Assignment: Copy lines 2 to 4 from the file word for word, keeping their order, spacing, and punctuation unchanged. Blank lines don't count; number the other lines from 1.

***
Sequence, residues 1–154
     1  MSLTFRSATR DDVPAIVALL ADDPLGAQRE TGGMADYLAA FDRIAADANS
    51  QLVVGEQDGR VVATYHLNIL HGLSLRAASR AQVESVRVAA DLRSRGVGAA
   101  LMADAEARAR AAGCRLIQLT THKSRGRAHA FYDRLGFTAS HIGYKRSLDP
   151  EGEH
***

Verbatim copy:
     1  MSLTFRSATR DDVPAIVALL ADDPLGAQRE TGGMADYLAA FDRIAADANS
    51  QLVVGEQDGR VVATYHLNIL HGLSLRAASR AQVESVRVAA DLRSRGVGAA
   101  LMADAEARAR AAGCRLIQLT THKSRGRAHA FYDRLGFTAS HIGYKRSLDP